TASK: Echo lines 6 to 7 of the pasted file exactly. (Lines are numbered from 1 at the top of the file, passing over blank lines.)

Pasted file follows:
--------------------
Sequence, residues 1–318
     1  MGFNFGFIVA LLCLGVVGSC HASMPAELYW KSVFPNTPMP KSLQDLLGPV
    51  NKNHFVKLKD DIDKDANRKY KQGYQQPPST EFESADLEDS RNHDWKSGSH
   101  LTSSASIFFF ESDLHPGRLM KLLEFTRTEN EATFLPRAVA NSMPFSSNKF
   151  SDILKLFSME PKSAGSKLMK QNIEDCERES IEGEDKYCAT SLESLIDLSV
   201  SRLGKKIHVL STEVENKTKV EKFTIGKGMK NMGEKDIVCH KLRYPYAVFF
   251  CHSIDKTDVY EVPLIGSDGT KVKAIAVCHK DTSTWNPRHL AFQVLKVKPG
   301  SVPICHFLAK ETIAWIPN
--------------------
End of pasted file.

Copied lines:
   201  SRLGKKIHVL STEVENKTKV EKFTIGKGMK NMGEKDIVCH KLRYPYAVFF
   251  CHSIDKTDVY EVPLIGSDGT KVKAIAVCHK DTSTWNPRHL AFQVLKVKPG